Elizabethton loses another industry After 50 years of operation, Inland closing its doors

By Kathy Helms-Hughes
k helms@starhq.com

   Shortly before the end of the 3 p.m. shift Friday at Inland Paperboard & Packaging Inc., workers were called together and told the plant would be closing its door within the next 60 days.
   This would have been Inland's 50th year of operation in Elizabethton. Closure of the plant at 1500 W. Elk Ave., will put approximately 130 people out of work.
   A press release issued Friday from Inland's Indianapolis headquarters announced the closure of packaging plants in Elizabethton and Hattiesburg, Miss. According to the press release, Inland will continue to operate its Elizabethton sheet plant at 152 Iodent Way.
   "Closing these plants will reduce costs and improve the efficiency of our box plant system, while preserving Inland's commitment to our customer base," Dale Stahl, president and chief executive officer, said in the press release.
   Approximately 235 positions will be eliminated at the two plants as a result of the closure, according to Inland headquarters. "We deeply regret the impact on affected employees. The company will offer access to multiple resources to assist in the transition," Stahl said.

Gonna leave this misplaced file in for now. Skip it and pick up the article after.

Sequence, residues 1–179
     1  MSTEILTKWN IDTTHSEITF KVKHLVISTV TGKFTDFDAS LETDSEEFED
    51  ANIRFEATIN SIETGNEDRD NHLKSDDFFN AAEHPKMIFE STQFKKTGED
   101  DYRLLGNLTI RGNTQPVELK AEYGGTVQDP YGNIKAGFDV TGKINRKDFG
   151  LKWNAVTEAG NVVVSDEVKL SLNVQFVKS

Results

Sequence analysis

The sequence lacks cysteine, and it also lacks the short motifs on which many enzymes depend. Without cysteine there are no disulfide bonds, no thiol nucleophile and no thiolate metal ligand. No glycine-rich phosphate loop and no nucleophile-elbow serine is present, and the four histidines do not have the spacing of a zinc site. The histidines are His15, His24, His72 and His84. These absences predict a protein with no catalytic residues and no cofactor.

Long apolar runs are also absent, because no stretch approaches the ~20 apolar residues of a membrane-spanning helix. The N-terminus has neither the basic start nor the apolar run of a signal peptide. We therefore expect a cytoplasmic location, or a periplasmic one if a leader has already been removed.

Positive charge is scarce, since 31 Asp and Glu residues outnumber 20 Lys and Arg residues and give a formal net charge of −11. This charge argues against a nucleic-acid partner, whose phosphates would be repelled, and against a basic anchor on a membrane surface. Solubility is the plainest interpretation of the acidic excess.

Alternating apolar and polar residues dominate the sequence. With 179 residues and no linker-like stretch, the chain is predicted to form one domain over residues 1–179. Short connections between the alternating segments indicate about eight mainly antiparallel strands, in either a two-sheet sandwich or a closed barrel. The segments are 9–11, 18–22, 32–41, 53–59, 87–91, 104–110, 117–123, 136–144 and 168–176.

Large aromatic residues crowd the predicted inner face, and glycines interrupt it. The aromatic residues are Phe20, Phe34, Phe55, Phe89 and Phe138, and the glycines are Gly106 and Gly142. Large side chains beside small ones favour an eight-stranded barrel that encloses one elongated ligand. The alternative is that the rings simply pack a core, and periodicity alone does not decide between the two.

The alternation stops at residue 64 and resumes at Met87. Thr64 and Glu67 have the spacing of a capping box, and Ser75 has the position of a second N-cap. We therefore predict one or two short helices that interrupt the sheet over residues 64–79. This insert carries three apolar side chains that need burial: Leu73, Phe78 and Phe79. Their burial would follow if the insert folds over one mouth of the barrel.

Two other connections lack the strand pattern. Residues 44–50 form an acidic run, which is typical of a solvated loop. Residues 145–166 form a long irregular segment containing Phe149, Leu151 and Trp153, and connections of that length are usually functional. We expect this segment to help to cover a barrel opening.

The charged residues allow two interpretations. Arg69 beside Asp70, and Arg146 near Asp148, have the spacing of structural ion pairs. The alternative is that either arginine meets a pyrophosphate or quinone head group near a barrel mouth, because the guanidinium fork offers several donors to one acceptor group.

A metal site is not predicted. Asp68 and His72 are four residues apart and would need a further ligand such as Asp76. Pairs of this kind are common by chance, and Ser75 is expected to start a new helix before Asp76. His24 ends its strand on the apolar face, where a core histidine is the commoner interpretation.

Doyle Simons, at Temple-Inland in Austin, Texas, said the closures are a matter of economics. "As you know, economic conditions are very tough right now. We have 82 box plants and this announcement is the closure of two," he said.
   Inland workers and local plant officials apparently were shocked at the news. A 14-year employee who wished to remain anonymous, said, "They told us at quitting time that they were going to shut the doors on it, and that was the end of it. They said they'd tell us more about it next week, probably, and sent us home."
   The plant official who made the announcement "said something about the economics, but after he throwed the big bombshell on me, I didn't hear much more. He just said it was due to hard times," the worker said. "That's the breaks of the game, I guess. Everything in Elizabethton is going."